Is Pepper Spray Legal in Canada?
Unlike some jurisdictions, such as the United States, and popular media portrayals, the people of Canada are typically barred from carrying mace spray, pepper spray, firearms, and most other weapons. A professional private investigator can assist with these types of inquiries.
Our guide will explore questions like “Is pepper spray legal in Canada?” and rules for using other types of self-defence weapons.
Let’s dive in!
Is Pepper Spray Legal in Canada?
Pepper spray is classified as an illegal weapon under Canada’s Firearms Act. Therefore, manufacturing, selling, or using goods comparable to pepper spray is a criminal offence according to Canada self-defence laws. Additionally, any gas, powder, or liquid spray capable of hurting or immobilizing someone is prohibited.
Every country has its own set of rules that govern self-defence weapons. Pepper spray, for example, is legal in some countries but not in Canada because people can use it as an offensive weapon – to harm, frighten, or incapacitate other people – rather than a defensive weapon.
The Firearms Act, which is part of the Criminal Code of Canada, categorizes firearms as non-restricted, restricted, or prohibited, with each classification resulting in varying criminal penalties for possession, manufacturing, or sale. As a result, carrying pepper spray is punishable by up to ten years in prison.
Difference Between Pepper Spray and Bear Spray
Bear spray is a chemical weapon used to defend people against bear attacks. It’s also a non-lethal weapon frequently confused with personal defence pepper spray due to its similar chemical makeup.
Here are the main differences between the two self defense weapons in Canada:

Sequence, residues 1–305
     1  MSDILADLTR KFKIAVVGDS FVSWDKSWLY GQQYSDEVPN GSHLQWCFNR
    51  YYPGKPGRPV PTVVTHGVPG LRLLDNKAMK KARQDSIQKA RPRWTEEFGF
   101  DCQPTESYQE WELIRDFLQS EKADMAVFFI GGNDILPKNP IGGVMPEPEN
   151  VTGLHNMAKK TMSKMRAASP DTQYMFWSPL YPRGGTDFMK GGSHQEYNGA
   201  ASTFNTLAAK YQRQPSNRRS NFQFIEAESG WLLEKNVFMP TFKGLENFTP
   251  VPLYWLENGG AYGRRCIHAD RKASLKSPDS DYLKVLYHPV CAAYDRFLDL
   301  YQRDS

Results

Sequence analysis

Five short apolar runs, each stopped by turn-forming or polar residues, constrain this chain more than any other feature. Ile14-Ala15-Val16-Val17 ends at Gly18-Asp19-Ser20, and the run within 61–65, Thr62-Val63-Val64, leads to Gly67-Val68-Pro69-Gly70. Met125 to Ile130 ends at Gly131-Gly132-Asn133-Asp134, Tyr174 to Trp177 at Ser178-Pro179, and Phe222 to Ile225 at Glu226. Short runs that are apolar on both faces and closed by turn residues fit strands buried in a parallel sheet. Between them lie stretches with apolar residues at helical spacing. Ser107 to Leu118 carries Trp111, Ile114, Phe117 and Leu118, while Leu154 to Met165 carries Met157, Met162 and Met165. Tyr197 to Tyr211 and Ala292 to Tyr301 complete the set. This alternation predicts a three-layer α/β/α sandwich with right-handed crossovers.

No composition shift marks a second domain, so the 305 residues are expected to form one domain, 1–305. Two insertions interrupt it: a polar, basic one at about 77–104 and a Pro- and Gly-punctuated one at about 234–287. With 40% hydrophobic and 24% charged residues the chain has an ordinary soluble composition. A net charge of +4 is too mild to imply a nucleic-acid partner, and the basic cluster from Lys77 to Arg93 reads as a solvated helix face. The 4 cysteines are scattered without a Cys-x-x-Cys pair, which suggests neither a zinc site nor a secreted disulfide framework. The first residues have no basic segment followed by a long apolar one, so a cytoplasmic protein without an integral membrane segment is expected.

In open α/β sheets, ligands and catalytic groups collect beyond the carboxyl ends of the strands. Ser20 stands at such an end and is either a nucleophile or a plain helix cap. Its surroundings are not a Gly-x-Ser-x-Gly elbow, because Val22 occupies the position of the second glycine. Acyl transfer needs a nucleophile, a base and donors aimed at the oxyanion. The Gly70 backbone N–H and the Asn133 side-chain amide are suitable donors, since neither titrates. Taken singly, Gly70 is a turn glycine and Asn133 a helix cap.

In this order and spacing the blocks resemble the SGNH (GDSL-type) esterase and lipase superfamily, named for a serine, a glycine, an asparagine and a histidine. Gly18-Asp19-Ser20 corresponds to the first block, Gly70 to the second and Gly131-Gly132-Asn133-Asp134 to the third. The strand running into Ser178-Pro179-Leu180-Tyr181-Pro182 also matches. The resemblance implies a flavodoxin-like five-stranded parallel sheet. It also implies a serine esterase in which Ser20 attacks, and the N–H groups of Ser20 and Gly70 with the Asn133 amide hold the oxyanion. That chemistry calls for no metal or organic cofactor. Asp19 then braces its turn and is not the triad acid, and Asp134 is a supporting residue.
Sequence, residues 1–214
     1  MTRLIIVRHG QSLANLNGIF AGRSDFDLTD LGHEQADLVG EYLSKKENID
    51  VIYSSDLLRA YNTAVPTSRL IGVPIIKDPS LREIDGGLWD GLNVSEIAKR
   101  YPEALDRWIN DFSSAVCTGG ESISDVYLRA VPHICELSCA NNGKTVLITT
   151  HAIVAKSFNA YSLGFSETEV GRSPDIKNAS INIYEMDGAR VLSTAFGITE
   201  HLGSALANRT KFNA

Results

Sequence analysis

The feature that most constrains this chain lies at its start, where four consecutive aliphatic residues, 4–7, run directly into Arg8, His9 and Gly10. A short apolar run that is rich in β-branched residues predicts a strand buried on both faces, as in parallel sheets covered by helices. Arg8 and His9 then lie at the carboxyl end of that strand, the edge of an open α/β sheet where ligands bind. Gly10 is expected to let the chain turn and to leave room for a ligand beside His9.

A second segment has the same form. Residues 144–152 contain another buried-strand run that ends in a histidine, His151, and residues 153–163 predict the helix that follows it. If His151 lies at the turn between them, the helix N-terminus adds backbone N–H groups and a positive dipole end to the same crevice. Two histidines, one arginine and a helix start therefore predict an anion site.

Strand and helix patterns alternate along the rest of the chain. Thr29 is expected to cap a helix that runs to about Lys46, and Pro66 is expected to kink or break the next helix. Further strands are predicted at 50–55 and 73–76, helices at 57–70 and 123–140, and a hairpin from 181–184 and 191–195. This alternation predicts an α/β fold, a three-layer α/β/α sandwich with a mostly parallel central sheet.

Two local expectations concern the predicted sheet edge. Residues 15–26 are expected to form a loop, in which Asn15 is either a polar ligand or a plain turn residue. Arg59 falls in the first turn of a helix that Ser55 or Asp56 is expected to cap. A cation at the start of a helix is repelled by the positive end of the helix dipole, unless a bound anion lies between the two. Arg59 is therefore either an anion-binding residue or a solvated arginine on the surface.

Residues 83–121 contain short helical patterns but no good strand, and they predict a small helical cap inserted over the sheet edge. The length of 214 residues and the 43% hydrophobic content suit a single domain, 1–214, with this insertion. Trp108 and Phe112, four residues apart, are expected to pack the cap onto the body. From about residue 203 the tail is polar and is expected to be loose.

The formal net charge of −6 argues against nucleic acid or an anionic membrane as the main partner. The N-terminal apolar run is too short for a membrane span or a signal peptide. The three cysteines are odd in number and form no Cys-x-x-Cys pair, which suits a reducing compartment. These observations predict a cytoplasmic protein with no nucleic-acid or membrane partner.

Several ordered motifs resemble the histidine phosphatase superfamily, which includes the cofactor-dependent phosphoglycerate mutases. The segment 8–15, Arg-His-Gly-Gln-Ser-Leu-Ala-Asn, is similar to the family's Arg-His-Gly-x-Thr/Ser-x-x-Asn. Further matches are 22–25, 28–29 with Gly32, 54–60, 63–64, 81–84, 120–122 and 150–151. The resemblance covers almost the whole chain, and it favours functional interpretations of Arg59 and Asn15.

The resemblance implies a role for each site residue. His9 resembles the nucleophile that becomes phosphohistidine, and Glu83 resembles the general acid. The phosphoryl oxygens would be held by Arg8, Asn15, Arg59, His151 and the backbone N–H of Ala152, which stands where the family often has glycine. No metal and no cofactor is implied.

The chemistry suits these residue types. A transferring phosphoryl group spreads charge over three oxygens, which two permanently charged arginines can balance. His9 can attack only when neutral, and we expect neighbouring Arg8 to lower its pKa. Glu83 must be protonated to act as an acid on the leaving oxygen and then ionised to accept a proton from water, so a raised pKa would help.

Pepper spray is prohibited, but bear spray is not.
Bear spray is necessary for outdoor activities such as hiking and camping, and it is therefore legal. It lowers our chances of becoming a bear attack victim. It’s fine to bring it into the city; pepper spray, however, is not.
Pepper spray is not suitable for humans as opposed to bear spray.
People often mix up the two sprays since they contain the same ingredient, oleoresin capsicum (OC). Manufacturers extract it from cayenne peppers’ oily resin. Bear spray has a concentration of roughly 1%, whereas pepper spray has a concentration of 1-3%.
Their canisters have a different design.
Another distinction between pepper spray and bear spray is the design of their canisters. Pepper spray, for example, requires a four-meter space between you and a charging bear, whereas bear spray requires at least a 7.6-meter spray distance. As a result, you have to choose the appropriate one for the right reasons.
A Brief History of Canadian Self-Defence Laws
The act of defending oneself against a real or perceived threat is known as self-defence. The defender frequently uses physical force to hold or prevent an assailant from injuring them.